The ride was filled with expectation as we made our way to De La Vida Boran Farm in Port Alfred, Eastern Cape. This is an annual trip that the University of Fort Hare Animal Breeding class embark on, visiting Mr Jaco van Renbsurg, a Boran stud breeder. The nice weather – not
hot yet not too chilly created the perfect outdoor learning atmosphere.
Meet the Boran Boys
On arrival, we received a warm welcome from Jaco and Joseph (farm care taker) who were our “tour” guides and animal breeding experts for the day. We began learning and exploring at the lowermost end of the farm, where the land has been divided into camps. The first camp had heifers and a very friendly and calm bull. Jaco explained to us the importance of genetic composition for example good structural soundness and feed conversion efficiency of a bull and how it can affect the productivity of a farm. He further demonstrated how genetic composition can physically benefit or disadvantage the animal by showing us the physical attributes of the Boran that are favorable for survival and ultimately the farmer. Fortunately the animals at De La Vida Boran farm are a good testament of how a well-conditioned animal should be.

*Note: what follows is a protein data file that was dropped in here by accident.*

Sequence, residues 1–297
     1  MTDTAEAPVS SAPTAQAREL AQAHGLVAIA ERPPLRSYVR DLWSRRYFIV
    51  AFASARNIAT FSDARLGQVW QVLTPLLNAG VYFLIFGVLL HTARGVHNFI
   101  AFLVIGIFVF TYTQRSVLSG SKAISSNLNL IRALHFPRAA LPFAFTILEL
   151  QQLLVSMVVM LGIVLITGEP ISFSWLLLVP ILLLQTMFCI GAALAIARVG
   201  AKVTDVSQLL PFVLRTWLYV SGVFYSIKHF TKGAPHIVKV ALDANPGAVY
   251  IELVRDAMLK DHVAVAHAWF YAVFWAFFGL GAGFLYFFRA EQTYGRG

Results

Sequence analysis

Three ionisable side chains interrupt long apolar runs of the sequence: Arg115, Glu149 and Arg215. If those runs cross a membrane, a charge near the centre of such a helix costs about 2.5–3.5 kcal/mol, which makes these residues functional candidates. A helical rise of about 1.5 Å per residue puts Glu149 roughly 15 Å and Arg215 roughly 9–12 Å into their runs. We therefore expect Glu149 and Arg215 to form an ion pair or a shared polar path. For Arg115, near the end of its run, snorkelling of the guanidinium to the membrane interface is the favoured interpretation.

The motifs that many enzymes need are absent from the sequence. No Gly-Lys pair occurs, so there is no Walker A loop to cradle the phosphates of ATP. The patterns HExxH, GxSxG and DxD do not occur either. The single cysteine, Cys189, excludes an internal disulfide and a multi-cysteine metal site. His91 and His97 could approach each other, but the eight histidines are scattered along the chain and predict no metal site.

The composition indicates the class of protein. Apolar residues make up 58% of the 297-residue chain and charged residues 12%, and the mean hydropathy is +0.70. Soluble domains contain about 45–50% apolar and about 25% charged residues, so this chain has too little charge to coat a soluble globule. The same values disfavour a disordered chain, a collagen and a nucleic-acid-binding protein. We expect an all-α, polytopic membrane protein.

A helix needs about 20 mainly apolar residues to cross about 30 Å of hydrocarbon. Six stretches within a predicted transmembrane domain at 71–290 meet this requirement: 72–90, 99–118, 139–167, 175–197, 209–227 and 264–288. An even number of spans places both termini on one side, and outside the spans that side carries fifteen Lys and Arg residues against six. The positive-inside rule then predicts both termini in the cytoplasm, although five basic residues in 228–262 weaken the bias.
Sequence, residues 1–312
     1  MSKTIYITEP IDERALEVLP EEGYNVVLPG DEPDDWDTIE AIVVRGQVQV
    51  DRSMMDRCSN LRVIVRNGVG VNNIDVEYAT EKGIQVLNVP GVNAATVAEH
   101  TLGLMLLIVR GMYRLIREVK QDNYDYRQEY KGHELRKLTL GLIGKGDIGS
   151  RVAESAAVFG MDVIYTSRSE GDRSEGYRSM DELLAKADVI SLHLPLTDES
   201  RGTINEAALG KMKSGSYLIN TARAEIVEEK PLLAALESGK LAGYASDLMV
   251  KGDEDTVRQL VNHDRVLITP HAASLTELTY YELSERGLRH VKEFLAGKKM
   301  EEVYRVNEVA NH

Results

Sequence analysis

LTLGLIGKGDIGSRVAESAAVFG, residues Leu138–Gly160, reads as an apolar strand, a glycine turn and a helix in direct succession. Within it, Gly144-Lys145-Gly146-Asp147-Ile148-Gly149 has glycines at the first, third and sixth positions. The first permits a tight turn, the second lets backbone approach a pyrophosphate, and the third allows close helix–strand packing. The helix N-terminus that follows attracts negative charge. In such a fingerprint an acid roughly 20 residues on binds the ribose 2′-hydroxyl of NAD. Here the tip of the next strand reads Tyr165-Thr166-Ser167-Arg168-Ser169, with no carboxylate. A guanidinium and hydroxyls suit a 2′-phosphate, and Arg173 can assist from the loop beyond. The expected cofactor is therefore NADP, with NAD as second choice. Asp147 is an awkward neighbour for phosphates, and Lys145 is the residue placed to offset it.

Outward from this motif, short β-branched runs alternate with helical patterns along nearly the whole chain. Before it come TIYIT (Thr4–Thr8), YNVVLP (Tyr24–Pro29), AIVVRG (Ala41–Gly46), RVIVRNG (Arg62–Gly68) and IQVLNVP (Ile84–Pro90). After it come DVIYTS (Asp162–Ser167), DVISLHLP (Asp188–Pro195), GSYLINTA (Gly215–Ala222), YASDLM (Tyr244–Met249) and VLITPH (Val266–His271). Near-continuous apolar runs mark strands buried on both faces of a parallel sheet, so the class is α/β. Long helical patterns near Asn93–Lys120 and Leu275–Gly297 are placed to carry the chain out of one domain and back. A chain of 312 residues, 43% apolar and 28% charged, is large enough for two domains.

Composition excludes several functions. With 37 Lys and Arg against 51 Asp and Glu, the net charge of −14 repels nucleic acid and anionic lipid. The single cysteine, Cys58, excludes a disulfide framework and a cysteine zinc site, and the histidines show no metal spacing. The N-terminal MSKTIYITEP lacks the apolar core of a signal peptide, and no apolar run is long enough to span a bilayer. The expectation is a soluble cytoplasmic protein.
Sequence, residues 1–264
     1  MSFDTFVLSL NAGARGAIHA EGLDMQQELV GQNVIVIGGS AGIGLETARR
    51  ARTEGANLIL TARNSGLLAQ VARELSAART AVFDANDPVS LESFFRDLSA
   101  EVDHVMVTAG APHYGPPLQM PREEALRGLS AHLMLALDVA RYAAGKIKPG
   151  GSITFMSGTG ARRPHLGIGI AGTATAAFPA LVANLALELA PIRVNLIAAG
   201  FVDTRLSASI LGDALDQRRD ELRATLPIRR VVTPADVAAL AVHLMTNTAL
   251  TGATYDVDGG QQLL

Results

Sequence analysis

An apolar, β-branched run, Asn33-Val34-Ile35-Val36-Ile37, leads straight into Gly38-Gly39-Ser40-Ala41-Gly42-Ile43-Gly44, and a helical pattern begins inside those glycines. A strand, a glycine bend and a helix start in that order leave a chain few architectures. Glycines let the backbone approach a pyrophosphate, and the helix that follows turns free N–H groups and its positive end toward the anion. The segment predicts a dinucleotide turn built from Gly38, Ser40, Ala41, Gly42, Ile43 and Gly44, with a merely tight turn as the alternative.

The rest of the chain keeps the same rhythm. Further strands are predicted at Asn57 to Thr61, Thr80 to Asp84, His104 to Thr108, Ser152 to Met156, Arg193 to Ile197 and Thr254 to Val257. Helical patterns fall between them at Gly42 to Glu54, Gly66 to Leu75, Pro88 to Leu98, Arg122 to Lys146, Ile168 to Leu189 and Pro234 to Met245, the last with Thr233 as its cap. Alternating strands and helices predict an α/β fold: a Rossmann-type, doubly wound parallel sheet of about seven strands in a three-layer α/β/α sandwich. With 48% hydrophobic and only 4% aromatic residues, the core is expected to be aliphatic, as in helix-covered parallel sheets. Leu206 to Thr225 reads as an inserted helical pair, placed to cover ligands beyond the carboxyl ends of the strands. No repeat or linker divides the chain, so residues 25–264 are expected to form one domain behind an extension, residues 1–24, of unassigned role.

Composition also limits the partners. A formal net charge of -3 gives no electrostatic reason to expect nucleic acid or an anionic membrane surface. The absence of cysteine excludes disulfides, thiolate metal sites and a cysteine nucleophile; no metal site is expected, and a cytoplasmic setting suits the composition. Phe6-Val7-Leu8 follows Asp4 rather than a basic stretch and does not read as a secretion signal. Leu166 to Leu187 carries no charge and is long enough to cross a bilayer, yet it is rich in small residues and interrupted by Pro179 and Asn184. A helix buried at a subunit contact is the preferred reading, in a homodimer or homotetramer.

#Happy lines identification
We then moved to the young bull‘s camp. They were much “cuter” than the older bulls. Jaco explained that he keeps them separate for a while because they tend to break the infrastructure. However, when they grow older, they are mixed with the much older bulls who are expected to “teach them respect and to not destroy the farms’ infrastructure”. #BoysWillBeBoys
The farm is huge with camps for cows, heifers as well as bulls of different ages which of course we could not visit in a day.
Why not dab?
Apart from seeing the Boran cattle camps, we were also treated to a tour around a beautiful fruit orchard that is on the other side of the farm. The garden has apple, orange and guava tress, which, unfortunately, were not in season during our visit. Jaco’s knowledge and insight was all we needed to take that brave step of making a career out of farming. We are always grateful to Jaco and his family for allowing us the opportunity to learn from them.
Finally, we enjoyed lunch at Kelly’s beach, Port Alfred. Where more dabbing and pouting took place, with Prof Muchenje as the commanding pouter.
The pouting continues
Though hard work is inevitable, having fun while we are at it makes it worth all the while.
By Nyeleka Sipokazi (MSc- Animal production)